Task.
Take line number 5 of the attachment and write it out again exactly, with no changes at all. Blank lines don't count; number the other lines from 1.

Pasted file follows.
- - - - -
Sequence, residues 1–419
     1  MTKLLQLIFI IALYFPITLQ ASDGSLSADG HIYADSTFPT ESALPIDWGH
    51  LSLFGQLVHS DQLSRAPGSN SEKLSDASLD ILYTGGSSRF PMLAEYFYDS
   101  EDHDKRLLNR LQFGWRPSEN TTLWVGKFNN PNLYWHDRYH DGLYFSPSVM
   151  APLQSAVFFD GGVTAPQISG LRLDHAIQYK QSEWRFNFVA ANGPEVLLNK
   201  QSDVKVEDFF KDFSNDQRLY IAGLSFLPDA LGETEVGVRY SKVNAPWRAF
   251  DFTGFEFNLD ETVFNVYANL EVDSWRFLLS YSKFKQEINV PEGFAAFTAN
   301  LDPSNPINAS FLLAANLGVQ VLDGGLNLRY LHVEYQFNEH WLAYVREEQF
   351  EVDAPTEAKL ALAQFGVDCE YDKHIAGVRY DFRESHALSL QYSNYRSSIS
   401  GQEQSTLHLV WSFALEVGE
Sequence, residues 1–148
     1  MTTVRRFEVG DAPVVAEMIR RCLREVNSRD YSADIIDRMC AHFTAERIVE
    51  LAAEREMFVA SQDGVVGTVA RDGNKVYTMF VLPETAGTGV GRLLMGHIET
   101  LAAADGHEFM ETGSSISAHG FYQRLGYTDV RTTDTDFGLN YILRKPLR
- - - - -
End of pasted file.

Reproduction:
   151  APLQSAVFFD GGVTAPQISG LRLDHAIQYK QSEWRFNFVA ANGPEVLLNK